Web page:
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Citrus Heights neighbors barking mad at unpermitted dog park

A sign reading “closed” can be seen outside dog park that was installed without going through the proper permitting process at The Arlo apartments, in Citrus Heights. // M. Hazlip

By Mike Hazlip—
Homeowners along a quiet residential street say a new dog park built at an adjacent apartment complex is causing problems, with noise and garbage being thrown over a wall that separates the properties.

Residents Paul and Kristi Garcia say their backyard has become a public space after the park constructed at The Arlo apartments has brought apartment residents and their pets to within feet of a brick wall less than six feet high.

The Garcias joined other neighbors who live along Oakcreek Way at a June 15 meeting of the Area 5 Park Oaks Neighborhood Association. In an email circulated at the meeting, Paul Garcia said he is calling for the dog park to be moved to another area of the apartment complex.

“Overall, our personal space has become a very public space,” Garcia said. “People can see into our backyard, we hear all their conversations, the dog park is less than 50 feet from our back door. We no longer feel comfortable allowing our high school daughter to have pool parties due to the lack of privacy.”

A map on the city’s website shows the location of a dog park, adjacent to a residential neighborhood.

In the email, Garcia listed some items he said he’s found in his backyard, such as bags of dog feces, dog toys in their pool, garbage and food, a razor blade, and beer bottles. He’s also heard dogs barking, people talking, and dogs fighting, and says the facility has posted rules to limit the nuisances, but claims they are not enforced.

The dog park was constructed without the typical permits and approval process from the Planning Commission, according to Garcia who says he recently completed a $70,000 renovation of his own backyard that required multiple permits and inspections.

“We wanted to invest in a home we love, in the community we love,” he said. “Had we known the dog park was to be built along our property wall we would have invested our money into purchasing a different home somewhere else but no one told us a dog park was planned to be built.”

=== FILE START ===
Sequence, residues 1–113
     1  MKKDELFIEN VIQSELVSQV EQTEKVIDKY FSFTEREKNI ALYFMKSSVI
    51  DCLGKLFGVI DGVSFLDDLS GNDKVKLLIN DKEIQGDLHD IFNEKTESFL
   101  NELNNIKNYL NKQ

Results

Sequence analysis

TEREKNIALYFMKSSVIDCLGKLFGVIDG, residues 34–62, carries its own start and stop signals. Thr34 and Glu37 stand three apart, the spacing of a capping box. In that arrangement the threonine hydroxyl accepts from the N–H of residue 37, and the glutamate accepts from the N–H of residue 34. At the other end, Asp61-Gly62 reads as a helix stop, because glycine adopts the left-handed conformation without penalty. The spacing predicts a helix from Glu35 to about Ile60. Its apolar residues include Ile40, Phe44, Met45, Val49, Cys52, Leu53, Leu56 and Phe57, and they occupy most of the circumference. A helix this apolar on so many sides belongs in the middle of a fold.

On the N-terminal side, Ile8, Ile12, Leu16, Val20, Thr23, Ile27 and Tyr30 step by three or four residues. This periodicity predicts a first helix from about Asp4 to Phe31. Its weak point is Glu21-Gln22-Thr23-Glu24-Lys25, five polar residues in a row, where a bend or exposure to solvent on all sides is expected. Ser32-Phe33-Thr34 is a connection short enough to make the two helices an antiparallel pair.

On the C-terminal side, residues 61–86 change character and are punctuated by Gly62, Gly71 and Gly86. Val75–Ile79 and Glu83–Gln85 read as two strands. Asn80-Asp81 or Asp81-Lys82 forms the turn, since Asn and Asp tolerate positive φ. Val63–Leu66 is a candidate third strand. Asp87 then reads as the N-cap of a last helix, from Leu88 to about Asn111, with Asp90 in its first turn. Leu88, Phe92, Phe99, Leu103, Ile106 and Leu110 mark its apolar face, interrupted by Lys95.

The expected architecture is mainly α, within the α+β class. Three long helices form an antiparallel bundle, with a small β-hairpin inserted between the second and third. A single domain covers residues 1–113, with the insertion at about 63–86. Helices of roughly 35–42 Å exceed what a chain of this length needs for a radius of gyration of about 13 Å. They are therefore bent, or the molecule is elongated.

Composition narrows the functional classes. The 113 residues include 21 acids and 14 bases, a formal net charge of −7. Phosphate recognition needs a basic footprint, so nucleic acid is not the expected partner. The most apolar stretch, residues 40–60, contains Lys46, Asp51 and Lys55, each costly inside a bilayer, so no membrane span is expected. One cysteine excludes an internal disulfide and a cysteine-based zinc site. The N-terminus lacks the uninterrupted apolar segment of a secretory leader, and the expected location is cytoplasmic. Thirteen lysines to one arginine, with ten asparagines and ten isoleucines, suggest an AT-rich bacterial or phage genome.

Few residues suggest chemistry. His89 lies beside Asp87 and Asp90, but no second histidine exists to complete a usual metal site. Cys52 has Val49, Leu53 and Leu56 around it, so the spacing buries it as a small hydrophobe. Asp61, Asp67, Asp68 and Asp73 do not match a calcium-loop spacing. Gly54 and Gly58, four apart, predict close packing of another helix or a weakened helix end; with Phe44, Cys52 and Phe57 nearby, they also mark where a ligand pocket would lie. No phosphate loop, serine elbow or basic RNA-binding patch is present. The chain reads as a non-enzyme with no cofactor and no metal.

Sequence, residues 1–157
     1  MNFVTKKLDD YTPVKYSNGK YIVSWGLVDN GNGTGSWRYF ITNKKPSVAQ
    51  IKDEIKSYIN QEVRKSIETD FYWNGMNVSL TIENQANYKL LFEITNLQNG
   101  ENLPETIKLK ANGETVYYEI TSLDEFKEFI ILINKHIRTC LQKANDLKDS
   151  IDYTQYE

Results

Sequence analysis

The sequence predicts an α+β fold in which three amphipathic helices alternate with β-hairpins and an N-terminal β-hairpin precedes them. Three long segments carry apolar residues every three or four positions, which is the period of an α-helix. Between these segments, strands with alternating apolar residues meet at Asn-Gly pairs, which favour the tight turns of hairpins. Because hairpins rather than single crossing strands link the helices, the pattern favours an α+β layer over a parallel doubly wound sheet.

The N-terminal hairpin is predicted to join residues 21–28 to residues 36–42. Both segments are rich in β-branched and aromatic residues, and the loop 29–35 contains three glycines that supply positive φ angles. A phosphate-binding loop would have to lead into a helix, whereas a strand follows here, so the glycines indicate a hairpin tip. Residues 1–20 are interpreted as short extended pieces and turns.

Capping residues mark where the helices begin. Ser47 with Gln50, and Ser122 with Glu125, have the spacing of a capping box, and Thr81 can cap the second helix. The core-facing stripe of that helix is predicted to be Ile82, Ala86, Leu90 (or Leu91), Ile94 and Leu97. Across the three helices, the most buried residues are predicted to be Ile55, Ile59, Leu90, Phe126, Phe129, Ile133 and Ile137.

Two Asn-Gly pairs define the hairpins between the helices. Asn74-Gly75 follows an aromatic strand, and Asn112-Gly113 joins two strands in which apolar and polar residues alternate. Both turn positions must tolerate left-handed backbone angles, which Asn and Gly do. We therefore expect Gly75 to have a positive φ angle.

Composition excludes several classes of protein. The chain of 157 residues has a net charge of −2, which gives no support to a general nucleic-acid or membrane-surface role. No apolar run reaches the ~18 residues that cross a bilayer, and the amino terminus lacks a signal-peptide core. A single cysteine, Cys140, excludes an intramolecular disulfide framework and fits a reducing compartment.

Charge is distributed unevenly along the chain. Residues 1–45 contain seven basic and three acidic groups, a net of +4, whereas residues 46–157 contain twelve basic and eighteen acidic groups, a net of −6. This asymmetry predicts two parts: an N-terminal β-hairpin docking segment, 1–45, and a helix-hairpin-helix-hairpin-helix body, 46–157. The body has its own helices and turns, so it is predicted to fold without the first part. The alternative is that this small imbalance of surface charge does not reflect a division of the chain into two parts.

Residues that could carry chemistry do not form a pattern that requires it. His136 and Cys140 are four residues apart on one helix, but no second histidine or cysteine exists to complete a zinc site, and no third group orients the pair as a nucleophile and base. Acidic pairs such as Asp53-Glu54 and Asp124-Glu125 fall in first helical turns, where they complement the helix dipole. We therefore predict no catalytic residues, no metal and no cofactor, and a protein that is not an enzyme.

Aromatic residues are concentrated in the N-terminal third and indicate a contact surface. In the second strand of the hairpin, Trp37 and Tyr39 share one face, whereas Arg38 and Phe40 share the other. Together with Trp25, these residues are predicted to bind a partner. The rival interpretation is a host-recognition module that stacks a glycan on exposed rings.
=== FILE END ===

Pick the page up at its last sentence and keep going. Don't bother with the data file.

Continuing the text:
Management at The Arlo apartments declined to comment during a June 21 in-person visit by The Sentinel, and a subsequent voicemail left with Folsom-based management company FPI Management was not returned by press time.

In addition to The Arlo, FPI Management lists Citrus Heights properties Foxborough, Greenback Ridge, The Reva, and The Woods. The company manages over 155,000 units in 21 states, according to

In an email Wednesday, Citrus Heights Community Development Director Casey Kempenaar said the facility was constructed without the required minor use permit, and the property owners are now in the process of getting the required permits and are “very cooperative.” A minor use permit application has been filed with the city that is under review by the Planning Division, Kempenaar said. The city is requiring the closure of the facility until a final decision is made.

“The entitlement process will carefully evaluate the compatibility with adjacent land uses,” Kempenaar said. “Operational changes and/or relocation of the dog park elsewhere within the complex are potential outcomes that may be considered. After staff reviews the application, the property owner will be provided next steps.”

Sentinel staff on Wednesday observed a “Development Proposal” sign was placed at the facility, and a sign posted to the front gate of the dog park said “closed.” No signs were seen posted for residents along Oakcreek Way.

A Sentinel review of the city’s project proposal map shows a permit under review for 6011 Shadow Ln. titled “Arlo Apartments Dog Park Minor Use Permit.” The application is dated June 2, and includes a brief description from the city stating: “Staff is reviewing a Minor Use Permit application to allow an existing dog park at an apartment complex.”

The city’s Municipal Code Title 106 Article 6 governing planning permit procedures says “Prior to filing a planning permit application with the City, a prospective applicant should contact and meet with property owners and residents neighboring the site, nearby residents and business owners, to inform them about the proposed project and consider their concerns in project design. A prospective project applicant should also contact the affected neighborhood association in the case of a multi-lot, multi-unit, nor nonresidential project.”

Photographs circulated by Garcia and obtained by The Sentinel show him holding a tape measure to a wall between his backyard and The Arlo property. The wall tops off at less than 58 inches in that area. He also claims the brick wall is leaning and pointed out several cracks.

Garcia told a Sentinel reporter that after months of attempting to contact the management, he has lost faith in working with the company. He hopes the permit will be denied, forcing the company to re-locate the facility elsewhere on The Arlo’s property.

“There’s enough bad neighbor history in nine months of this experiment going on that I just want them to move the dog park,” Garcia said. “They have probably three or four spots on their property where they can do that easily. Just take the material that they have put into the park, like the fencing, and use that someplace else. That’s my hope.”

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